I am grateful to Laura of The Papertrail:
for her gorgeous design for an explosion box on the theme of a poinsettia – very seasonal! She has also made a Youtube video of it, which you can see here:
With her permission, I am posting about my own take on this project. I have spent quite a long time creating the templates on my desk-top publisher, and making layouts on 12 x 12 in cardstock so as to utilise the card as efficiently as possible. I have created image files of these which you can see below. To see a larger version, go to my Microsoft One Drive album.
Materials needed for the project
Dark red cardstock – 1 sheet of 12 x 12 in.
Other red cardstock – 1 sheet of 12 x 12 in.
Dark green cardstock – 2 sheets of 12 x 12 in.
Black and white striped paper – 2 strips 12 in x 1 1/2 in.
1. Dark Red Card
If you cut these basic shapes as indicated, you can then use the small templates below, to shape them as required. I only did them like this to make it easier to cut the large sheets of cardstock with a knife or paper trimmer.
The flower shapes on this layout are images taken from the original svg cut files from Penny Duncan Creations:
I put them on the cardstock in the blank spaces left after drawing the basic shapes. In my Make The Cut software, I have placed these flowers in exactly the same place on the 12 x 12 virtual Cricut mat, and at exactly the same size. Before cutting the basic shapes with my knife and paper trimmer, I first cut the flower shapes with Jiminy Cricut from the whole, uncut sheet. After doing this, it was easy to cut the shapes from the remaining card.
2. Green Card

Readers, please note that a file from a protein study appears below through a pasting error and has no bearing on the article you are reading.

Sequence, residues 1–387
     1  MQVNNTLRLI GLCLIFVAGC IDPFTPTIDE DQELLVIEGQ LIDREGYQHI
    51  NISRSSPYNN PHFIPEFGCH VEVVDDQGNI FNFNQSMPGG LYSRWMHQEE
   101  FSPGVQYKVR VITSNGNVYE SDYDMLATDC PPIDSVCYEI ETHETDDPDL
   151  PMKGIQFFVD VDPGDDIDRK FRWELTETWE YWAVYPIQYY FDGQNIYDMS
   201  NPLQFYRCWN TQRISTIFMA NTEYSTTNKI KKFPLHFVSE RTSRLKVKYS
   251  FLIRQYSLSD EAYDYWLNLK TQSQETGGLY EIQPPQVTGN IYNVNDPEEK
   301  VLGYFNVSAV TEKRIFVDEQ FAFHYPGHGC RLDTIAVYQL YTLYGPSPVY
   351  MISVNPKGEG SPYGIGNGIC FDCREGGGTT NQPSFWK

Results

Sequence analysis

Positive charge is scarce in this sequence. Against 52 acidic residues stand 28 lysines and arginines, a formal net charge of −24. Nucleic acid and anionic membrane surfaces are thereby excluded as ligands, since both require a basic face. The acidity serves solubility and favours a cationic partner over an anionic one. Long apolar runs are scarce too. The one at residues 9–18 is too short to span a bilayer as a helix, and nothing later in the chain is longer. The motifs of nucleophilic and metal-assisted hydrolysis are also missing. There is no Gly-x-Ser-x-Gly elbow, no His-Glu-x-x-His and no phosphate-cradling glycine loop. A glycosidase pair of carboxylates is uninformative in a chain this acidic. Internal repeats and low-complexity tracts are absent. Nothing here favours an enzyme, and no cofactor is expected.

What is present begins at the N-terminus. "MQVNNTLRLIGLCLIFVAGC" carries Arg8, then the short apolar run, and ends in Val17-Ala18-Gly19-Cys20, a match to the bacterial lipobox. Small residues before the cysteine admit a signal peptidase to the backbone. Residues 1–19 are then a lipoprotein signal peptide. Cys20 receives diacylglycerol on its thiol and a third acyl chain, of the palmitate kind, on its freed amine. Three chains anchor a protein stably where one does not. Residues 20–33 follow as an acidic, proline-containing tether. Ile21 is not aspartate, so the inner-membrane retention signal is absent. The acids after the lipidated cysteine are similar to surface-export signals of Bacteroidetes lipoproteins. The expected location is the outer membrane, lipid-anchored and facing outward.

You need two sheets of dark green cardstock. From previous experience with boxes, I have found it better to strengthen the sides by making them double-thickness, so I have drawn twice as many box side panels as Laura made in her original design – it may not be strictly necessary, and I’m sure her box is fine, but I just thought it might make it a bit more substantial. These extra pieces I’ve called “Side Strengtheners.” They also serve to cover the back of any embossing you may choose to use to decorate the side panels of the box.
This is the layout for Sheet 1:
and for Sheet 2:
I did the same with these leaf shapes as I did with the flower shapes.
3. Patterned Red Card
Laura suggests using a different red card for the second set of petals. I am using a bright red instead of the dark red of the first set, and I am going to decorate these by stamping them in a dark red to match the other petals. This is the layout for what I have called the Patterned Red Card:
I am also cutting 8 side strengtheners for the lid from this patterned red card sheet, each measuring 2 in x 1 1/2 in - 1/4 in shorter than the lid sides because they don't need tabs. After cutting, the height of each must be trimmed by a further tiny amount – about 1/16 in – to allow for the thickness of the two octagons lining the top of the lid – when they are glued in, the bottom edges should be flush with the lid side pieces.